Our seasonal recitals are a great way for students to get an opportunity to perform for friends and family! It’s also great for friends and family to get a chance to see the progress they’ve made since last time, whether they are 6 years old or 60 years old. Check out this video offering up highlights of every students performance from our Spring 2018 recital at the Ethical Society of Philadelphia!
Philly Music Lessons offers a wide variety of music instruction to all ages and experience levels. Specializing in guitar lessons, drum and bass lessons, and piano lessons Philly Music Lessons is your source for experienced and effective music education. Our instructors have experience teaching students of all experience levels from beginner through advanced. We are happy to work around your schedule and offer both in-home and in-studio music lessons. For more information please do not hesitate to call us or submit your questions using the contact form.
One of the core mission statements at Philly Music Lessons is that everyone deserves a chance to learn music. It drives us to make lessons available to many communities and families with varying income levels and schedules. That is why we offer the convenience of in-home lessons, as well as local studio lessons in Fishtown and South Philly, and why we offer financial aid discounts to low-income families.
To further expand opportunities for kids to learn music, we’ve started to partner with local schools, offering discounted private and group lessons during after school hours. Because our lessons are made available at an affordable rate, right on the school premises, it is much easier for kids to begin the process of learning music!
Engaging Students at La Salle through Music Performances and Presentations
We recently traveled down the road from our Fishtown studio to La Salle Academy, located in Kensington on North 2nd Street. Our teachers gave presentations to grades 3-8, showing them the basics of piano, guitar, violin and drums. Starting with the principles of technique and theory, our two multi-instrumentalist teachers, Sean Conlon and Emily Stewart, were able to give the kids a sense of what the beginning portion of learning an instrument really looks like. Our teachers performed solo pieces on each instrument, and followed with group performances to show how different instruments can come together to create unique styles and sounds. It was very inspiring for students to see professional musicians performing at an advanced level. We feel this experience gives them a sense of the hard work and dedication that goes into attaining such a level of musicianship.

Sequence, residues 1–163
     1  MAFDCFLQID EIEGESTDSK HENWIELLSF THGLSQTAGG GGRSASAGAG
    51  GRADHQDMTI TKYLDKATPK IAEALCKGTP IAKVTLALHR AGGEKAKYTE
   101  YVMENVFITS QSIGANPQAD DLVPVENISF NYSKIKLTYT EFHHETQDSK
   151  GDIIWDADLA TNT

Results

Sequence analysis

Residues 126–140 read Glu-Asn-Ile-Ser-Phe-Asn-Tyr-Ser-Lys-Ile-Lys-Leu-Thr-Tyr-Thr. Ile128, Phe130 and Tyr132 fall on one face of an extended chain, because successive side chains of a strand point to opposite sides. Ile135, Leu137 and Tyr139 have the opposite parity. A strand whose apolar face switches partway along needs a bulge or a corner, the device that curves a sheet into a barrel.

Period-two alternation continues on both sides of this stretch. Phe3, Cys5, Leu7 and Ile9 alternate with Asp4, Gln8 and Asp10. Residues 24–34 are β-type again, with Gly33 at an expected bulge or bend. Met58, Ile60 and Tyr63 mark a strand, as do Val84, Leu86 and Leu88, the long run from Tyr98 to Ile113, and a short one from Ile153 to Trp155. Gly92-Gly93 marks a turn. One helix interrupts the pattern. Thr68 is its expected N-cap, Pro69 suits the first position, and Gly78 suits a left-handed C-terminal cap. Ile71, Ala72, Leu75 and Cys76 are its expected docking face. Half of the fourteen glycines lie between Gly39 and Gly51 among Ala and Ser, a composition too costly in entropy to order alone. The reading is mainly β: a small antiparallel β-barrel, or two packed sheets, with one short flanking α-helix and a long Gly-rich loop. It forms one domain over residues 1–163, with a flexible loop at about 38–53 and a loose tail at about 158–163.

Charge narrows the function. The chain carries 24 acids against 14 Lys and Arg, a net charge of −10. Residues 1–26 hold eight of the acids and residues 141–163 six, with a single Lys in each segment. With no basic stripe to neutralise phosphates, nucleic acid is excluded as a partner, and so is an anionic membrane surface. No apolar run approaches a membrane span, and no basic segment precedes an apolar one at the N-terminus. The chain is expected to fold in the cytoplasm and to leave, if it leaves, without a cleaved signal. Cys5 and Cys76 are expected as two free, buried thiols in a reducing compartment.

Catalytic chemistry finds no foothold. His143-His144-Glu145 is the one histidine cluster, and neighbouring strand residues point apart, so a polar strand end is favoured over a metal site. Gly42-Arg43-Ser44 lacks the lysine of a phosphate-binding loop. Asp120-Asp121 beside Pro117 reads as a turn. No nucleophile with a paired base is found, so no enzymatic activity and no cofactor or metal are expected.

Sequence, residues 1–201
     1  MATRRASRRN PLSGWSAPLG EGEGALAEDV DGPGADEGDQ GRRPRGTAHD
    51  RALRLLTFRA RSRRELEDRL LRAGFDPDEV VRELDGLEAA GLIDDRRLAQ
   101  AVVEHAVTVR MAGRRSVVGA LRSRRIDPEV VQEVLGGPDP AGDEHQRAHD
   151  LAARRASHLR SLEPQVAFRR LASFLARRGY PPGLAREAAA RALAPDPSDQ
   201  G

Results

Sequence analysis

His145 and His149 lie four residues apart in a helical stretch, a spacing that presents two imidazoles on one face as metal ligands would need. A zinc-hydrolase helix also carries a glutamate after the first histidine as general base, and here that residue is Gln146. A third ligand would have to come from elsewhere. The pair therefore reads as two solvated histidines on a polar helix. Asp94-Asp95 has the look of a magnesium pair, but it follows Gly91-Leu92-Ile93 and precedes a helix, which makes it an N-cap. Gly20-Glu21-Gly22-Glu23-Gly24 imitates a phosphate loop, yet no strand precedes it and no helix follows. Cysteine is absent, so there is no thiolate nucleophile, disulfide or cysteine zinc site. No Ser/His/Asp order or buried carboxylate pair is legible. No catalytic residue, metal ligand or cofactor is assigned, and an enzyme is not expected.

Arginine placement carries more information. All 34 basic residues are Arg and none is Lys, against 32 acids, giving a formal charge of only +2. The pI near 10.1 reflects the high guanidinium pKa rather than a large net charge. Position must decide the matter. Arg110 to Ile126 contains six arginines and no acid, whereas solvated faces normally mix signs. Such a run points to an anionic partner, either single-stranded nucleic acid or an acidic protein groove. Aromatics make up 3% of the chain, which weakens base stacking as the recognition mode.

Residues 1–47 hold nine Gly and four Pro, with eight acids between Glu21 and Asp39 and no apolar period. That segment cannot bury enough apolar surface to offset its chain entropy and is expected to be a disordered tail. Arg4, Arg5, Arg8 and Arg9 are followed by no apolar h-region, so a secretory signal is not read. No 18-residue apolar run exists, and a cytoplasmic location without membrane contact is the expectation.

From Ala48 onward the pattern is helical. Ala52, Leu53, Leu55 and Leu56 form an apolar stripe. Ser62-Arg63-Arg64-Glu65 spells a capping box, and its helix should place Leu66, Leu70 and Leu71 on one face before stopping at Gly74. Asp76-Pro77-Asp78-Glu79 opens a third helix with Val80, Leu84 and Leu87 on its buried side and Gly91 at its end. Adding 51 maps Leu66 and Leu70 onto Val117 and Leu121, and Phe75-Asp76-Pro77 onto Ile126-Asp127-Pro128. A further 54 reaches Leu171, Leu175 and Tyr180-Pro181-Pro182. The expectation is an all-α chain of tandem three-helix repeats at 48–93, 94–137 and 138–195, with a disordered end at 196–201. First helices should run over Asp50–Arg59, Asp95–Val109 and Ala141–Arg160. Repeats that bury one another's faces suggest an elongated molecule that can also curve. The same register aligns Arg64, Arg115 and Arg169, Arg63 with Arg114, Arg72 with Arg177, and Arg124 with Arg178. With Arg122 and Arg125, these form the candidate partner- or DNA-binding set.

With our presentations, children are better able to gauge their general level of interest in music. They may also be able to better determine which instrument they’d like to learn. We feel that starting a child off with an instrument that really inspires them is the best way to form a positive and lasting relationship with music. We hope these kinds of experiences at an early age will stick with them for the rest of their lives!
New Music Education Partnerships
Philly Music Lessons will be working to maintain and expand relationships with other schools in the city of Philadelphia throughout the 2018 school year. We feel our teachers have a lot to offer in terms of supplementing standard music education classes and providing individualized lessons to students who may not have access to them otherwise. As most educators know, there is no substitute for a great teacher.
Beginner voice students often ask this question. It feels reassuring to classify ourselves, to feel we belong somewhere. Plus, newer singers believe knowing your voice type gives them other information about their voice, such as their range. What seems like a simple question doesn’t have a simple answer though. To understand why, first learn what “my voice type” even means, why voice type exists, and why a singing novice might not be able to find their voice type.